On Thu, 28 Feb 2019 05:52:14 +0000
Jeremy Rowley via dev-security-policy
> 4. The validation agent specified the approval scope as id-addr.arpa
I assume this is a typo by you not the agent, for in-addr.arpa ?
Meanwhile, and without prejudice to the report itself once made:
> 2. The system marked the WHOIS as unavailable for automated parsing
> (generally, this happens if we are being throttled or the WHOIS info
> is behind a CAPTCHA), which allows a validation agent to manually
> upload a WHOIS document
This is a potentially large hole in issuance checks based on WHOIS.
Operationally the approach taken ("We can't get it to work, press on")
makes sense, but if we take a step back there's obvious potential for
nasty security surprises like this one.
There has to be something we can do here, I will spitball something in
a next paragraph just to have something to start with, but to me if it
turns out we can't improve on basically "sometimes it doesn't work so
we just shrug and move on" we need to start thinking about deprecating
this approach altogether. Not just for DigiCert, for everybody.
- Spitball: What if the CA/B went to the registries, at least the big
ones, and said we need this, strictly for this defined purpose, give
us either reliable WHOIS, or RDAP, or direct database access or
_something_ we can automate to do these checks ? The nature of CA/B
may mean that it's not appropriate to negotiate paying for this
(pressuring suppliers to all agree to offer members the same rates is
just as much a problem as all agreeing what you'll charge customers)
but it should be able to co-ordinate making sure members get access,
and that it isn't opened up to dubious data resellers that the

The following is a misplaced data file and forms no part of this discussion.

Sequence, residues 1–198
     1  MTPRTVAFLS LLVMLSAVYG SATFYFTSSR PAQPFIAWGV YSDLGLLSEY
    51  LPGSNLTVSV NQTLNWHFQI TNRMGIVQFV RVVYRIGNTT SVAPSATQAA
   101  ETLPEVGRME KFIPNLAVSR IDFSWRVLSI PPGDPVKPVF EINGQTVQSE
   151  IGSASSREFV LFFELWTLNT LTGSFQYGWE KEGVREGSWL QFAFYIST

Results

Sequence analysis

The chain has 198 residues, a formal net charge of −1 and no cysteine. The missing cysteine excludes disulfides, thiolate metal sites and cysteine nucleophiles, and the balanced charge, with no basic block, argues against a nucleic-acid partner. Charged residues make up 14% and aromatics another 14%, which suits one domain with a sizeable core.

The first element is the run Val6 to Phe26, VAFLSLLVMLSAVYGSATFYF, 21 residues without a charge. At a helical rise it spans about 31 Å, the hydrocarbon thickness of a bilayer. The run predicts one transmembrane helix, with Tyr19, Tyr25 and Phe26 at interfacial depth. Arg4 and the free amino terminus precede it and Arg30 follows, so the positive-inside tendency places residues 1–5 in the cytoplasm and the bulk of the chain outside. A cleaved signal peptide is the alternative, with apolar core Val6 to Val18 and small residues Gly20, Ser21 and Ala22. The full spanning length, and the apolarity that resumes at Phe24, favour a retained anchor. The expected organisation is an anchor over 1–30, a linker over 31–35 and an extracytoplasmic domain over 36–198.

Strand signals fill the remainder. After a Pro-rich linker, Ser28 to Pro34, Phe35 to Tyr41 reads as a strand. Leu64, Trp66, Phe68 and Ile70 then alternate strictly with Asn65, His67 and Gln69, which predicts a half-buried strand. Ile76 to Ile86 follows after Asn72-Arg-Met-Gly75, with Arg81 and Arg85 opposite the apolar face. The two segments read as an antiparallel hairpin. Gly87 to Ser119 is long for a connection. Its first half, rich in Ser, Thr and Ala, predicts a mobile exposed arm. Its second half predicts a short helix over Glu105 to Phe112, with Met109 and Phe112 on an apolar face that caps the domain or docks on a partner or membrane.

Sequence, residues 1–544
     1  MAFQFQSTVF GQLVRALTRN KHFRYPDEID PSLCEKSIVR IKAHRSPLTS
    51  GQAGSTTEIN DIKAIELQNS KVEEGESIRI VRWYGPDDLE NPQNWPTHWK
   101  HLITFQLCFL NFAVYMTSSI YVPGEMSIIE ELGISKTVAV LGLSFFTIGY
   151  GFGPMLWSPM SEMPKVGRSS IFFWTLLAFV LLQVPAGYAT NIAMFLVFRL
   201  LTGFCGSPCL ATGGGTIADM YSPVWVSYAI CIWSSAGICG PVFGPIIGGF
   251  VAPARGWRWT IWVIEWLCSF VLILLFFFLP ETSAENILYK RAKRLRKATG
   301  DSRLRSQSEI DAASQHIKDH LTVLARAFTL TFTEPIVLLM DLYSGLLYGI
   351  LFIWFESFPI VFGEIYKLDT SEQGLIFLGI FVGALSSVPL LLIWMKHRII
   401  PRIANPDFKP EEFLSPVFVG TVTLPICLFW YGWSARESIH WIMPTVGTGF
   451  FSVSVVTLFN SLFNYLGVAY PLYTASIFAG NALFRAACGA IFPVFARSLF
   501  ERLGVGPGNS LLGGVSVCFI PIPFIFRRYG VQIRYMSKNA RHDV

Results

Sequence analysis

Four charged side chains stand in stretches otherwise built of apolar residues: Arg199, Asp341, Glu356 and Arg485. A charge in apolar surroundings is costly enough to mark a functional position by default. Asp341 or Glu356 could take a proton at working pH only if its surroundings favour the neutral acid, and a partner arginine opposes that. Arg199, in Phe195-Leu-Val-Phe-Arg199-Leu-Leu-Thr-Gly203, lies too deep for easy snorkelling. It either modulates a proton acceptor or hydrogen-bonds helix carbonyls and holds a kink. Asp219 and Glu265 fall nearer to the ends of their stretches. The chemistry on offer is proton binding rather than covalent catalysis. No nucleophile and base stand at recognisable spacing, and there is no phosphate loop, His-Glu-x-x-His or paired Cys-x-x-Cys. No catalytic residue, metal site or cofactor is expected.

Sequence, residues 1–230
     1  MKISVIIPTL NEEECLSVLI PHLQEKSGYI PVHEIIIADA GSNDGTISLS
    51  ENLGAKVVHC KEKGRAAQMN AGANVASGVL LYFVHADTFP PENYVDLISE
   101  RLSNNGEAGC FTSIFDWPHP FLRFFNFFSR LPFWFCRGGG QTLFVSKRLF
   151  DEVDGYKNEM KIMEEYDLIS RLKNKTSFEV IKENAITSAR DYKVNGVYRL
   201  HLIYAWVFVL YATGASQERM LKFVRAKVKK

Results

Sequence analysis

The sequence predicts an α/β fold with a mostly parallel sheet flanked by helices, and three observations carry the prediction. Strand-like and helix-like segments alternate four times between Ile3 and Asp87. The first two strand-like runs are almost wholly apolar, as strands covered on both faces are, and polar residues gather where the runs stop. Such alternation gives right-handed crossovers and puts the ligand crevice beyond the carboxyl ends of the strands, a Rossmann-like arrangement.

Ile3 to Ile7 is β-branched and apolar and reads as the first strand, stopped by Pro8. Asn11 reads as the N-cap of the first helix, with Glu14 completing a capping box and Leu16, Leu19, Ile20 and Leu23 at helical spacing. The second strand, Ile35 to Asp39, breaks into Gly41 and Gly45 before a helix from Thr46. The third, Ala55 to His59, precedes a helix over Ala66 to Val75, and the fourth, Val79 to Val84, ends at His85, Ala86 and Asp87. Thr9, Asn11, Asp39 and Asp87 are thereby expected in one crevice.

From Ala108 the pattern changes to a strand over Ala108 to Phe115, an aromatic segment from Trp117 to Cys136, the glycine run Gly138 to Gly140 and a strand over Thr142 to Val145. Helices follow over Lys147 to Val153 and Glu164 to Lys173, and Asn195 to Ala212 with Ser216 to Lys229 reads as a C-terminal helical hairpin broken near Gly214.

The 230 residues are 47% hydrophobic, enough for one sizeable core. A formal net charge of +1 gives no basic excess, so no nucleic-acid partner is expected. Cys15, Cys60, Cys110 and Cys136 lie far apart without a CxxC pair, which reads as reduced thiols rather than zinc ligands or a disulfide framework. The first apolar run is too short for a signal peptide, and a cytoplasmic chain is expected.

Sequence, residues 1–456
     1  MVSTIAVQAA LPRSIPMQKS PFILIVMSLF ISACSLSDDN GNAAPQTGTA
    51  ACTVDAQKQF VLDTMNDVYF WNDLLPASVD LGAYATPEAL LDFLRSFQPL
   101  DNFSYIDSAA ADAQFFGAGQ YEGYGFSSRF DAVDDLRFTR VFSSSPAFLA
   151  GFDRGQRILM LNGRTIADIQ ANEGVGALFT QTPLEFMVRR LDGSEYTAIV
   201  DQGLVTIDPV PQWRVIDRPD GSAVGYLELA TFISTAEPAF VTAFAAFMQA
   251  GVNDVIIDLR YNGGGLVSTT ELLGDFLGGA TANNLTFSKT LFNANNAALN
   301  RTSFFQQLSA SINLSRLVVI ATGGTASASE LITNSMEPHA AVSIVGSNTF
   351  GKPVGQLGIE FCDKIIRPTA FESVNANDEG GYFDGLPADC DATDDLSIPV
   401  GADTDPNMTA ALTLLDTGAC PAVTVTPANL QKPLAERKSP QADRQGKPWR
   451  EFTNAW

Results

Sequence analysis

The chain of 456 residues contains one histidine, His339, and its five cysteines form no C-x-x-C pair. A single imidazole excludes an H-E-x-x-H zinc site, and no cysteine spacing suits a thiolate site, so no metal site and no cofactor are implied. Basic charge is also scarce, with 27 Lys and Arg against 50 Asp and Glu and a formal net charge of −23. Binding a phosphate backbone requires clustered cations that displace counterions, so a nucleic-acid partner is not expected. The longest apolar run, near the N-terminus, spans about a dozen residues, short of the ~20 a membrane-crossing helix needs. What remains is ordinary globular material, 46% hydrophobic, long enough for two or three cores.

registries don't want rifling through their database.
My argument to the registries would be that this is a service for their
customers. Unlike the data resellers, either the registry customer, or
some agent of theirs is asking you to authenticate their registration,
so giving you access makes sense as part of what the registry does for
its customers anyway.
> 7. During the review, no one noticed that the WHOIS document did not
> match the verification email nor did anyone notice that the email
> used for verification was actually a constructed email instead of the
> WHOIS admin email
So, reviews are good, but this review was not very effective. Valuable
to consider in the final report why not and how that can be improved.
Just to be clear though, are you sure "no one noticed" ? It can happen
that in review processes somebody does notice the issue, but they
are persuaded or persuade themselves that it's fine. A British railway
incident occurred when the person transcribing a document effectively
"moved" a railway crossing. Manual reviewers did see it, and so did the
controllers responsible for managing the crossing, but both persuaded
themselves that the movement must be a correction and approved it.
With the crossing now shown in the wrong place, instructions authorising
use of the crossing were no longer protected by the controller's view
of the movement of trains, this resulted in a "near miss" and thanks to
the victim's persistence in demanding it be properly investigated
fortunately accident investigators visited the crossing, found the
mistake and had things corrected before anyone died.